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The Use of Selective Serotonin Reuptake Inhibitors in Eating Disorders

Laurel E. S. Mayer, M.D., and B. Timothy Walsh, M.D.

Published: May 1, 1998

Article Abstract

The introduction of selective serotonin reuptake inhibitors (SSRIs), which are, in general, saferand more easily tolerated than conventional antidepressants, has had a profound effect on the treatmentof affective illnesses and obsessive-compulsive disorder (OCD). A number of symptoms associatedwith eating disorders overlap those of depression and OCD, suggesting a theoretical and practicalcase for evaluating the SSRIs in the treatment of anorexia nervosa, bulimia nervosa, binge-eating disorder,and obesity. Despite the expectations for SSRIs in the treatment of eating disorders, clinicalinvestigations have yielded mixed results. In this paper, results from clinical studies of SSRIs (withand without concomitant psychotherapy) in the treatment of anorexia and bulimia nervosa, binge eatingdisorder, and obesity are reviewed, directions for future research are suggested, and practical recommendationsfor the clinician are provided.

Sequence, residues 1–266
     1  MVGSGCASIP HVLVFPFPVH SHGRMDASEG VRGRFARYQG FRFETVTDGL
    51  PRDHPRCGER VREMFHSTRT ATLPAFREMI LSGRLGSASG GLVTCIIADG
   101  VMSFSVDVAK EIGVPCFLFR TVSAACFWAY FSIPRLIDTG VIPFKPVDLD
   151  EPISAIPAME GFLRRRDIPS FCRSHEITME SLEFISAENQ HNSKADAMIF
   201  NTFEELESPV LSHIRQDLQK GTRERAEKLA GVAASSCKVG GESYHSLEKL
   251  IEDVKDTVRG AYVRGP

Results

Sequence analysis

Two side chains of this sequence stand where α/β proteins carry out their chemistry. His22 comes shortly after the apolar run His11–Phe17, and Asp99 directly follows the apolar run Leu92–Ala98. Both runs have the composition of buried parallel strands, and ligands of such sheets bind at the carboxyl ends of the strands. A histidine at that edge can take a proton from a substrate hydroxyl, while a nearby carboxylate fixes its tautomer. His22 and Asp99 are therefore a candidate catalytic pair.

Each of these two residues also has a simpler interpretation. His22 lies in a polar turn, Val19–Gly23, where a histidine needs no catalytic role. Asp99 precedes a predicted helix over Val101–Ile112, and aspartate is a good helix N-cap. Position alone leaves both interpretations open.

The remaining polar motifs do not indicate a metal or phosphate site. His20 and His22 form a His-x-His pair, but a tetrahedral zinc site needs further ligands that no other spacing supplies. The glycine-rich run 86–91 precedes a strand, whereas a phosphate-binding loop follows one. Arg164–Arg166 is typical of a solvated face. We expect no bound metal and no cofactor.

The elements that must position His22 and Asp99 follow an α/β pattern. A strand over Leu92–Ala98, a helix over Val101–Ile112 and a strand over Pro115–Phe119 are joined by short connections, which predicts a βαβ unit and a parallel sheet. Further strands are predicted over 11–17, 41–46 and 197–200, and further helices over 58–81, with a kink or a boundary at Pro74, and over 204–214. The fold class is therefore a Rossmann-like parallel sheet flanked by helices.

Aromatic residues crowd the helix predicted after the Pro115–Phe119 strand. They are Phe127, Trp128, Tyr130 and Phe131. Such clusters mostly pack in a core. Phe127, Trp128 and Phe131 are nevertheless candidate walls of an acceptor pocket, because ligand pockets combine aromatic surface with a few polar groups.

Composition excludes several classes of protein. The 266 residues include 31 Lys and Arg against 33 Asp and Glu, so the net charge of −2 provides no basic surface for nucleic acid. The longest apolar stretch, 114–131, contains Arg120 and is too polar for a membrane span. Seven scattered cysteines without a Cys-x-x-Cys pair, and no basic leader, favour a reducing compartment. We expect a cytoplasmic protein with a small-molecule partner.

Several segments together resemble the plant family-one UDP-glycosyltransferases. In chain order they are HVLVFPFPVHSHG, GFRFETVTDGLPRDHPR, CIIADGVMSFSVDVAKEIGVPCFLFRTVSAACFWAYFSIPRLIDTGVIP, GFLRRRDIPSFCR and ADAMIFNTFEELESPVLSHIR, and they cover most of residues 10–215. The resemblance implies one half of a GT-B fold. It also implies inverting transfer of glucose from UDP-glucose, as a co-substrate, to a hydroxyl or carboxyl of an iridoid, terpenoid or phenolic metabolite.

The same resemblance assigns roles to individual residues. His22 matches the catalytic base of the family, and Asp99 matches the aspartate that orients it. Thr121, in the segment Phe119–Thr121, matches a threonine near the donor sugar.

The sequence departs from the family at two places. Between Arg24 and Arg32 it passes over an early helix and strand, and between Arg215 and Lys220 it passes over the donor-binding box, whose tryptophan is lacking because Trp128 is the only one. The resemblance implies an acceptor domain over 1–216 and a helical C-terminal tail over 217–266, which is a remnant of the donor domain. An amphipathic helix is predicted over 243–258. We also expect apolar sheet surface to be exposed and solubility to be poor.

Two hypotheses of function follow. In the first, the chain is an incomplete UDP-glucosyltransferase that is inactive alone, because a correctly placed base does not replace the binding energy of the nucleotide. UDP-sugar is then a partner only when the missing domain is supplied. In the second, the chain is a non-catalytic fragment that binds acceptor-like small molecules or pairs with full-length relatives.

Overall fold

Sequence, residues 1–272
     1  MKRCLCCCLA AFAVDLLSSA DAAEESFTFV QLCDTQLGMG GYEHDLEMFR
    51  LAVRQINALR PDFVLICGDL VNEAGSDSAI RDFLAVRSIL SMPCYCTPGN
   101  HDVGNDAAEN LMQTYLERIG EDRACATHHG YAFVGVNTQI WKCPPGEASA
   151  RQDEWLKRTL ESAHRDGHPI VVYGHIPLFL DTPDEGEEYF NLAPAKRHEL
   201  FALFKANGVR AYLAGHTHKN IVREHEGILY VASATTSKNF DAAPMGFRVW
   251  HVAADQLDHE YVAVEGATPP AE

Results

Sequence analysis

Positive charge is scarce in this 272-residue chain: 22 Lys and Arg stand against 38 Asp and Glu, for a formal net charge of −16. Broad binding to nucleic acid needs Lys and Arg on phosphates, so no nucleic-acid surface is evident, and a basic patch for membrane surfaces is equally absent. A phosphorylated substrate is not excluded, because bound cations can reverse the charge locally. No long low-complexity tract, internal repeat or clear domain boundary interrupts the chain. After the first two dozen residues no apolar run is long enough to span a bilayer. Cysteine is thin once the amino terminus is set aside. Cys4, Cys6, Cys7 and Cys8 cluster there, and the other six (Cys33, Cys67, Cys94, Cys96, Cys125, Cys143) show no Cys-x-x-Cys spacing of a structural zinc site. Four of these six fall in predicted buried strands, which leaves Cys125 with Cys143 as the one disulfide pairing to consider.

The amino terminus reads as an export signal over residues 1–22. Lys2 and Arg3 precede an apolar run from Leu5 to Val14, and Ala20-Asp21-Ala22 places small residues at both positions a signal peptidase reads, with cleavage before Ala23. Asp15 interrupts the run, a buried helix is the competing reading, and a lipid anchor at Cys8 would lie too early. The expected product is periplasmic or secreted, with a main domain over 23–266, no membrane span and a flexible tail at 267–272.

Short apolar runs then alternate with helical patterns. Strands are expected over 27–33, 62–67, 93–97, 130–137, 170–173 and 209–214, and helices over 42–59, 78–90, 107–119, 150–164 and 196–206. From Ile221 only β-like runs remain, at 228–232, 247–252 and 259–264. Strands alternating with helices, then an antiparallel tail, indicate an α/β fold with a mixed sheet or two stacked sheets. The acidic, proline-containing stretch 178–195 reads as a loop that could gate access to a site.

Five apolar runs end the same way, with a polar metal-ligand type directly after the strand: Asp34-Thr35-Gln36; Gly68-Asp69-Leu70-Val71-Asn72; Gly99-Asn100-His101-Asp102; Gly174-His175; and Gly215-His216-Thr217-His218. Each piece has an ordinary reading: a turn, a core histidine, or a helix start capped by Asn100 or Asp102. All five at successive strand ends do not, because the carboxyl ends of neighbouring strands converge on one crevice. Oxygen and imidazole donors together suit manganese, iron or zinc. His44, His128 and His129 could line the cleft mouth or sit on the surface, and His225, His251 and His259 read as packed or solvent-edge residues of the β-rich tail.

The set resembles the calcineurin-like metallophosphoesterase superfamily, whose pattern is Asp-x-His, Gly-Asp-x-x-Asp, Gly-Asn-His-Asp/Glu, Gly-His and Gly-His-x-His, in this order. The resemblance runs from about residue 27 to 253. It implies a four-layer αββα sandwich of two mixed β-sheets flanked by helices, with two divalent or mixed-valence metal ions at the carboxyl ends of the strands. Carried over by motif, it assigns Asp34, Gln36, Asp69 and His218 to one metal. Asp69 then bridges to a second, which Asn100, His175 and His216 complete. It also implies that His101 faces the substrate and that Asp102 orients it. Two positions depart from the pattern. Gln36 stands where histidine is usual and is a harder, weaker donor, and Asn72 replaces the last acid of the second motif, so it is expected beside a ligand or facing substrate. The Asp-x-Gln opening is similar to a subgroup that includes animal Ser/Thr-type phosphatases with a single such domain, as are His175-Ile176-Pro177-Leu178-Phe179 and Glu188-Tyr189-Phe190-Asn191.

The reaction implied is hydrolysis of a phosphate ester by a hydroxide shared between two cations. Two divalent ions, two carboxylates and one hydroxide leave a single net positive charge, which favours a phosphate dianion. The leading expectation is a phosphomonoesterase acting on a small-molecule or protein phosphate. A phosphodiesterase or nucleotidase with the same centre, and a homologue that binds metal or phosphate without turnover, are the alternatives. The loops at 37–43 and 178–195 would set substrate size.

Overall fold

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Volume: 59

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